Grants.gov Roles

What is an E-Business Point of Contact (POC)?

The E-Business POC is the single person responsible for the administration and management of grant activities in his/her organization. E-Business POCs give representatives of their organization the privilege to submit grant applications through Grants.gov (i.e., authorizes AOR).

What is an Authorized Organization Representative (AOR)?

The Authorized Organization Representative (AOR) submits a grant application to Grants.gov on behalf of a company, organization, institution, or government. AORs have the authority to sign grant applications and the required certifications and/or assurances that are necessary to fulfill the requirements of the application process. An AOR is the equivalent of a Signing Official (SO) in Commons. The AOR may be the same person as the E-Business POC.

eRA Commons Roles

What is an SO Role?

An SO, or Signing Official, has institutional authority to legally bind the institution in grants administration matters. The individual fulfilling this role may have any number of titles in the grantee organization. The label "Signing Official" is used in conjunction with the HHS eRA Commons. The SO can register the institution, and create and modify the institutional profile and user accounts. The SO also can view limited information for all grants within the institution, including status and award information. An SO can create additional SO accounts, as well as accounts with any other role or combination of roles.  An SO is the equivalent of an Authorized Organization Representative (AOR) in Grants.gov.

For most institutions, the Signing Official (SO) is located in its Office of Sponsored Research or equivalent.

What is an AO Role?

An Administrative Official (AO) reviews the grant application for accuracy before the SO submits the final application to HHS/CDC. Depending on the institution workflow process, it is possible for the SO and AO to be the same person. AOs can reside in either the central research administration office or academic departments. They can create and maintain AO, PI, and ASST accounts; however, AOs are not authorized to transmit applications to HHS/CDC.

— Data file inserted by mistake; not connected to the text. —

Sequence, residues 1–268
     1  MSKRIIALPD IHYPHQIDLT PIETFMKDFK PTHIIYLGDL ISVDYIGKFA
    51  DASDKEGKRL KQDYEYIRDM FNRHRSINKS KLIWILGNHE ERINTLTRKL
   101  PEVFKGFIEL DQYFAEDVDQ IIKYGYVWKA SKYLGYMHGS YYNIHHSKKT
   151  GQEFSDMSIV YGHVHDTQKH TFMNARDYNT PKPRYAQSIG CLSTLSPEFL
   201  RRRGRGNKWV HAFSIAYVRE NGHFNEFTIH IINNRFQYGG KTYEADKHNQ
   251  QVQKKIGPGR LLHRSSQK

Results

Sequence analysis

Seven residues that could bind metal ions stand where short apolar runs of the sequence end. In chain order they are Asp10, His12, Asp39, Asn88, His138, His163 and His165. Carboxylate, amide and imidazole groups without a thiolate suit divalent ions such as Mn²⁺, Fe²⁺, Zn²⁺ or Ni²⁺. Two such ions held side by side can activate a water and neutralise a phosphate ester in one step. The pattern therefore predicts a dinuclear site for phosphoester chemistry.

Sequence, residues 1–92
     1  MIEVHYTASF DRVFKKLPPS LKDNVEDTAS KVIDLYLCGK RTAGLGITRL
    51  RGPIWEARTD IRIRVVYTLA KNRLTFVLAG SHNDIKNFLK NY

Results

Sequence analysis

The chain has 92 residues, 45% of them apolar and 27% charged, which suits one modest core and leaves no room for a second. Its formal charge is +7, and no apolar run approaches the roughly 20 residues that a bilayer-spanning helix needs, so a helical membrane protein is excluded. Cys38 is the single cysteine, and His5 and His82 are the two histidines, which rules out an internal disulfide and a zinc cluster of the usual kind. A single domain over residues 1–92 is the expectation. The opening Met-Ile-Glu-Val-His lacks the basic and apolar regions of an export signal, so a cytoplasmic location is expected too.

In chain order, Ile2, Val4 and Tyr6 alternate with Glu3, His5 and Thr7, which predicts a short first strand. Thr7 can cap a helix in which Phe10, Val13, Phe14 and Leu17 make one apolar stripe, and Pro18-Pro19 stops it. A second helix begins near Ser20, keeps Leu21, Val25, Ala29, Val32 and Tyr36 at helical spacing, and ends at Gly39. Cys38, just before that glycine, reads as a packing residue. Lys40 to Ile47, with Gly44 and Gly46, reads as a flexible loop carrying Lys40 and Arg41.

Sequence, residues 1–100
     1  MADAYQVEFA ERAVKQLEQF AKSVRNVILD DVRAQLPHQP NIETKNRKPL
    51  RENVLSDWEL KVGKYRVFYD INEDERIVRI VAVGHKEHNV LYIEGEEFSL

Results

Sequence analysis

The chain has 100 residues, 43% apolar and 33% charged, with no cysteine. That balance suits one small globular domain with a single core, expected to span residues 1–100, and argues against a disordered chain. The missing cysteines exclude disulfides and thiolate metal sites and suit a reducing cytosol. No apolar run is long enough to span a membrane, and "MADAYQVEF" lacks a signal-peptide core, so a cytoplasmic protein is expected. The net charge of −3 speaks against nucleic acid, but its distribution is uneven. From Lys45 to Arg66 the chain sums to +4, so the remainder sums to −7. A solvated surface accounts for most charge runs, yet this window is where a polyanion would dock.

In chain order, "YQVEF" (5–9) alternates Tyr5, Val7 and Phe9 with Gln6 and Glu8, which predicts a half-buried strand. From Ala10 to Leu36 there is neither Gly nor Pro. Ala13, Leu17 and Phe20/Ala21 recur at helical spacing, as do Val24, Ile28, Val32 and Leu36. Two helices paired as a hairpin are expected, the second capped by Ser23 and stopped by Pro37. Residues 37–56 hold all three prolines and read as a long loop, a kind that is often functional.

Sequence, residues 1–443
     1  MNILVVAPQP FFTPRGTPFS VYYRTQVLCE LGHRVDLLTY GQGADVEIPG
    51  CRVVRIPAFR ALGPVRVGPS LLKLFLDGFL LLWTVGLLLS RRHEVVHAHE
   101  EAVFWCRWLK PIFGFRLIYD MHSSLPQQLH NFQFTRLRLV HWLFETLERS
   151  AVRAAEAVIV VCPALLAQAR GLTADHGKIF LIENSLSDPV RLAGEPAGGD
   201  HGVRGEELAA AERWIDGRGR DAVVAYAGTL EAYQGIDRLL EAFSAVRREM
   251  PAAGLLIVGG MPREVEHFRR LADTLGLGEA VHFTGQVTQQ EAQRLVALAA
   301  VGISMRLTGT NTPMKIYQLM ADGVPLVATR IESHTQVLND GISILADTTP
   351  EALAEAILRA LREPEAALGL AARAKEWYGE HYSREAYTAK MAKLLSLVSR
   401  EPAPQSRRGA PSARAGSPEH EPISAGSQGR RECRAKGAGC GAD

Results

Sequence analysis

What is an AA Role?

An Account Administrator (AA) facilitates the administration of HHS eRA Commons accounts. The AA can create, modify and/or remove all types of accounts. Although the AA can create additional accounts, the AA cannot modify institutional profile (IPF) information or perform other research related functions in the system. The AA will typically be in the central research administration office.

What is a PI Role?

A Principal Investigator (PI) is designated by the grantee organization to direct the project or activity being supported by the grant. The PI is responsible and accountable to the grantee for the proper conduct of the project or activity. The role of the PI within the HHS eRA Commons is to complete the grant process, either by completing the required forms via the HHS eRA Commons or by delegating this responsibility to another individual. The PI can view information for all of his/her grants and applications for CDC, including access to the Summary Statement and Notice of Award (NoA).

What is an ASST Role?

The Assistant (ASST) role has been designed to allow PIs to delegate certain responsibilities for data entry of grant information (eSNAP and X-Train) and upkeep of their personal profiles. The ASST does not have any other functions in the system.

What is an IAR Role?

The IAR role allows a Reviewer to use IAR (Internet Assisted Review) to view grant applications and submit critiques and preliminary scores for applications they have been asked by HHS/CDC to review. This role is granted by an HHS/CDC Scientific Review Administrator and does not require institution affiliation.